This edition of The State of Working West Virginia is the sixth of its kind. Each year since 2008 this report has examined the numbers and trends that tell the story of how the people who keep our state moving are faring. While each year’s report has a slightly different focus, one constant theme is the need to ask this simple question: what about the people who do the work?
It is not hard to find stories in the media about the dire effects of West Virginia’s business or judicial climate but much rarer is consideration given to the climate for those who produce and provide the necessary goods and services that make modern life possible. Yet, as a song inspired by struggling West Virginia coal miners a century ago observes, “without our brain and muscle not a single wheel can turn.”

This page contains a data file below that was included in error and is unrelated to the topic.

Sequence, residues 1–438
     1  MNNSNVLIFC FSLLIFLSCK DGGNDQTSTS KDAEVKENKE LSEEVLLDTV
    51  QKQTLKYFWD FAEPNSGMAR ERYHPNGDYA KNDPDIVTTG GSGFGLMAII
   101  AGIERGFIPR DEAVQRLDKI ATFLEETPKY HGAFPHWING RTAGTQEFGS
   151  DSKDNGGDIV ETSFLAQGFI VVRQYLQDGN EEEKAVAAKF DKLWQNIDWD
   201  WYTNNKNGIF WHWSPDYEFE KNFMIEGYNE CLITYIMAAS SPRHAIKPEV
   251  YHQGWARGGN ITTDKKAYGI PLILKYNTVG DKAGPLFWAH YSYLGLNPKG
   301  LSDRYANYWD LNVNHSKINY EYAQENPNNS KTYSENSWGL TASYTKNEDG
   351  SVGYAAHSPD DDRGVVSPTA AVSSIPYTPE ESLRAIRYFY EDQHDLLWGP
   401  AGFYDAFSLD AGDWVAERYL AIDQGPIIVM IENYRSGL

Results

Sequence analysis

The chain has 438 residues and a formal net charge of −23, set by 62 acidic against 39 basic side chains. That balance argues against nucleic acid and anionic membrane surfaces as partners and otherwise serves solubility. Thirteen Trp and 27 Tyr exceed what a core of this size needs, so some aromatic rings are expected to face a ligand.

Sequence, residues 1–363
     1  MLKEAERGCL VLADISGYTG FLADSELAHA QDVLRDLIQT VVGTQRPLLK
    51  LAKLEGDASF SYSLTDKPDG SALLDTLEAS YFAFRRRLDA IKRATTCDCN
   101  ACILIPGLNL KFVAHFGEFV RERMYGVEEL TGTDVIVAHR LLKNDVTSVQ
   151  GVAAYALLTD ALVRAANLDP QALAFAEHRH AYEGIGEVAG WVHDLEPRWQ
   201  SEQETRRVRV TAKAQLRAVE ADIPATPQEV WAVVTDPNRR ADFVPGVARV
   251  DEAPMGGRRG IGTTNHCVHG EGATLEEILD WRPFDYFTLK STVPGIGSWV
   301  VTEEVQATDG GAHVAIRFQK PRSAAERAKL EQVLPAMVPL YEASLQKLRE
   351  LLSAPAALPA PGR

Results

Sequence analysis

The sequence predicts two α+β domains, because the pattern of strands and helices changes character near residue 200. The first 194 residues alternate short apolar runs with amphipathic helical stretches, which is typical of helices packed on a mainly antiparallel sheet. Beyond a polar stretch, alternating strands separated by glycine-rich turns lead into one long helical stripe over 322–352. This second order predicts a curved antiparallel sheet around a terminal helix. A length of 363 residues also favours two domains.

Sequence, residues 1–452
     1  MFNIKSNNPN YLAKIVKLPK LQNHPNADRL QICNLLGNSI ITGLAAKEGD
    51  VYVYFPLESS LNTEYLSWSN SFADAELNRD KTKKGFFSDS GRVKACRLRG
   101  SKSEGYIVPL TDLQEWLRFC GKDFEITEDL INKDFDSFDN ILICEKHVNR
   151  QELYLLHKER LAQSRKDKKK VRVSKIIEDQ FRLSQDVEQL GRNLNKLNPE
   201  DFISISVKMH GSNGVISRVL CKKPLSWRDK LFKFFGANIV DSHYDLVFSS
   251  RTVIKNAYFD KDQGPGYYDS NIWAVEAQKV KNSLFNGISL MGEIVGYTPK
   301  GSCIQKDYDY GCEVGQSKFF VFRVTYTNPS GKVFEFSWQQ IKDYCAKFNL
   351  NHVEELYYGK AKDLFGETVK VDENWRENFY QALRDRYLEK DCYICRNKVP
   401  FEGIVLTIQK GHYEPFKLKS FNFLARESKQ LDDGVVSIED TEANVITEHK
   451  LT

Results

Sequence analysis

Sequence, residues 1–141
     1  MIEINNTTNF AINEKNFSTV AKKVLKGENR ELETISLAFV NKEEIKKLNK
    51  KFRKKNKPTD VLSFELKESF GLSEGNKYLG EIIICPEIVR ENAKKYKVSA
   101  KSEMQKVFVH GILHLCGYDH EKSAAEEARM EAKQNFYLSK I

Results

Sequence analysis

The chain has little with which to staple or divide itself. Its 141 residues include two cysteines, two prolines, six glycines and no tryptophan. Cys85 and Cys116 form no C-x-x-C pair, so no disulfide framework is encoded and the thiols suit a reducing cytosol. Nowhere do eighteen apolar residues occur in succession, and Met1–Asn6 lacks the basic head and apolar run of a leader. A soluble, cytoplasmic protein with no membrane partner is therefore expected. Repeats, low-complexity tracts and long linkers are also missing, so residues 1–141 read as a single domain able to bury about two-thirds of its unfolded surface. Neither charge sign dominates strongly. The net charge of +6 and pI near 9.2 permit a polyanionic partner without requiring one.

We hear much today about makers, takers and job creators, but this report examines the evidence and makes the case that the basis of a strong economy and a vibrant society is a healthy middle class. It also recommends policies intended to build the middle class. In this case, however, it may be helpful to look at the past as the state prepares to move forward.
The theme of this year’s report is Weirton Steel to Wal-Mart, signifying the vast economic transition that took place in recent decades as good jobs in manufacturing and mining gave way to lower wage, and lower- or no-benefit jobs in the service sector. The intent is neither to praise the one nor condemn the other. Rather, it is to examine the difficult road West Virginia workers have traveled and suggest ways of moving to a brighter future.